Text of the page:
1. Why is this passage listed among difficult passages?
The passage is difficult because the name of the priest who gave David the bread as recorded in 1 Sam. 21:1-6 is Ahimelech, who is listed there as Abiathar’s father.
2. How do we deal with the difficulties in this passage?
First in cases like this the scholars would check for textual evidence in the history of manuscripts to see if there could have been a transmission mistake. In this case, they get the opposite result. It appears from all the evidence we have that the earliest manuscript of Mark has Abiathar. Also, the fact that both Matthew and Luke, in recounting the story, leave the name out, might indicate that they were aware of the problem.
Second, we look to see if there is another way the phrase can be understood. People have suggested that it might mean “When Abiathar who became high priest was alive” or “In the days of the father of Abiathar, the high priest..” or “In the account of Abiathar…” But commentators also say that none of these fit really naturally with the text. So we are not really left with a satisfactory solution from that tactic either.
We assume Jesus used the correct name for if he had not, the listeners would have surely corrected him. So then we could guess that either Peter from whom Mark was getting his material or Mark who wrote it used a wrong name or there was a mistake in the very earliest copies before we have any record– but we have no evidence….
However, there is one more possibility. It seems that the origin of this problem may be in the OT itself. The OT itself seemingly transposed these two names. Compare 1 Sam. 22:20 with 2 Sam. 8:17; 1 Chron. 18:16 and 24:6. So Peter or Mark could have been taking the name from those later lists instead of the story itself. This helps us explain the passage in Mark but does not explain why the names were transposed in the OT. Did Abiathar have a son named after his murdered grandfather as a commentator suggested? Further digging is needed.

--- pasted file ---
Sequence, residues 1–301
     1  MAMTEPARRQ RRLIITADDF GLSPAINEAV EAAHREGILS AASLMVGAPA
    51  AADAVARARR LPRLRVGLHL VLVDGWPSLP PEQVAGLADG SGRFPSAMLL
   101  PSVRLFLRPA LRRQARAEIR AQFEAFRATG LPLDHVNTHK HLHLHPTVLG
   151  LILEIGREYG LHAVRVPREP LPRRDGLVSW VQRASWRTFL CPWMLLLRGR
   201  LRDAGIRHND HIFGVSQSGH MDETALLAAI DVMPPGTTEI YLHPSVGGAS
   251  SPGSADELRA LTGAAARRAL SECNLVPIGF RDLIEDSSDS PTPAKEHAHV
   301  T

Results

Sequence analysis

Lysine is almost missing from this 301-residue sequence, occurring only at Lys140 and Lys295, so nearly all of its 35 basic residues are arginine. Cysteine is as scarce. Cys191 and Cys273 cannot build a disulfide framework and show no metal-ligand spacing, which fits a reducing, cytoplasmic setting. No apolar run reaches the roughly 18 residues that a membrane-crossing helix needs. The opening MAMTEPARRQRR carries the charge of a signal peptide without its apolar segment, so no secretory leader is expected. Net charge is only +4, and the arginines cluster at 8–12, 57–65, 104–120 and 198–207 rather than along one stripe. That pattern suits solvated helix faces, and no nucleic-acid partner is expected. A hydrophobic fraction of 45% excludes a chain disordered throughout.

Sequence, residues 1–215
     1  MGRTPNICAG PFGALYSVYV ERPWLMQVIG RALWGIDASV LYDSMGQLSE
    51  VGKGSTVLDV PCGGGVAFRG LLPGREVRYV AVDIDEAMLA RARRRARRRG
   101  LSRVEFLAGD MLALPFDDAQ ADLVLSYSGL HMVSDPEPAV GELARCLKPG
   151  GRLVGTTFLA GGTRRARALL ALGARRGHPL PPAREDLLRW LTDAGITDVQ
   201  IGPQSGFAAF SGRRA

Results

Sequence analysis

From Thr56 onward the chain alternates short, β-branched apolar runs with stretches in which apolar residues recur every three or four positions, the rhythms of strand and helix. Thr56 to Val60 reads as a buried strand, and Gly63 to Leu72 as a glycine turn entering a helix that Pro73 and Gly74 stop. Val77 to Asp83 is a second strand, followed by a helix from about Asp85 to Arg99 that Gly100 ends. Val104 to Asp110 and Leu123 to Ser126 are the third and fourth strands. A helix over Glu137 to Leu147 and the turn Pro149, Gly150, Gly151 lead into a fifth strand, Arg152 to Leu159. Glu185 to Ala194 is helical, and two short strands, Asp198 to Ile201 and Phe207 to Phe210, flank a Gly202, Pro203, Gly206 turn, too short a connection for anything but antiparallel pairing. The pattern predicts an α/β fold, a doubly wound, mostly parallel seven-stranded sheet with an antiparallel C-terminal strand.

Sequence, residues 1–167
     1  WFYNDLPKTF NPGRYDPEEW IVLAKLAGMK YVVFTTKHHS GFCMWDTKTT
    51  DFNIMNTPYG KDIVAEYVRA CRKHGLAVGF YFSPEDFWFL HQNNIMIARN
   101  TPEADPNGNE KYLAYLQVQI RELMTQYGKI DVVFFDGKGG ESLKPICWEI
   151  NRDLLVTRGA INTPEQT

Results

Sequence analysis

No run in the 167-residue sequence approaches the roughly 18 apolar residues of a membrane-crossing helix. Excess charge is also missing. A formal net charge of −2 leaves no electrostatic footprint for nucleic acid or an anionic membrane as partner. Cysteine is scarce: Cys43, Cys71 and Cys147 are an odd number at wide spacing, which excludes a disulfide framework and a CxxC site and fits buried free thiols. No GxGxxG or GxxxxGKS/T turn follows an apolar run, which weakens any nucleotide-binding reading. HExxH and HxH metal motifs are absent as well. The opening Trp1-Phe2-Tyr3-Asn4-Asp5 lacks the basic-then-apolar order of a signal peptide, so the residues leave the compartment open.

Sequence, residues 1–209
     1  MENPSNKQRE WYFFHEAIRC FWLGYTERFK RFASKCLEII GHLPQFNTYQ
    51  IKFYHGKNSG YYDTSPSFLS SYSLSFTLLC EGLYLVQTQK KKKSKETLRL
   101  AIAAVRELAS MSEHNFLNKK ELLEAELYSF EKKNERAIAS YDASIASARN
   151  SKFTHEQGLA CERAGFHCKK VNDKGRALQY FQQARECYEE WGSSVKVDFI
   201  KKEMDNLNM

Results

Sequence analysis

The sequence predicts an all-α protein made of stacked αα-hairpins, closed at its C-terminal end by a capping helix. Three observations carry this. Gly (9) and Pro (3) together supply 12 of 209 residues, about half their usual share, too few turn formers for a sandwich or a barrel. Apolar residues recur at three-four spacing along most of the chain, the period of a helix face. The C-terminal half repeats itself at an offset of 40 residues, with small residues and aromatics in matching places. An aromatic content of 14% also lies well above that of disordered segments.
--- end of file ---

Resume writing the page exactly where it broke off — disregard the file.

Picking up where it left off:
3. What are the key truths or inspirational messages of this passage?
It is helpful to see that the name in Mark 2:26 is irrelevant to Jesus’ point. Jesus is trying to get the Pharisees to see that what mattered in David’s day was not the strict keeping of religious law but the human emergency need for God’s anointed servant. The same was true in Jesus’ day. Jesus uses the OT story to point the way toward one of the great principles that he has given us to help us use our NT Sabbath – Sunday – well. He said, “The Sabbath was made for man, not man for the Sabbath. 28 So the Son of Man is Lord even of the Sabbath.” Mk 2:27-28 NIV. This passage helps to keep us focused on others on the day of rest and worship.
It is ironic that in this passage where the aim of Jesus’ teaching is to keep us from being legalistic about the Sabbath, there is confusion about a name that reveals our propensity to legalism over interpretations of inerrancy.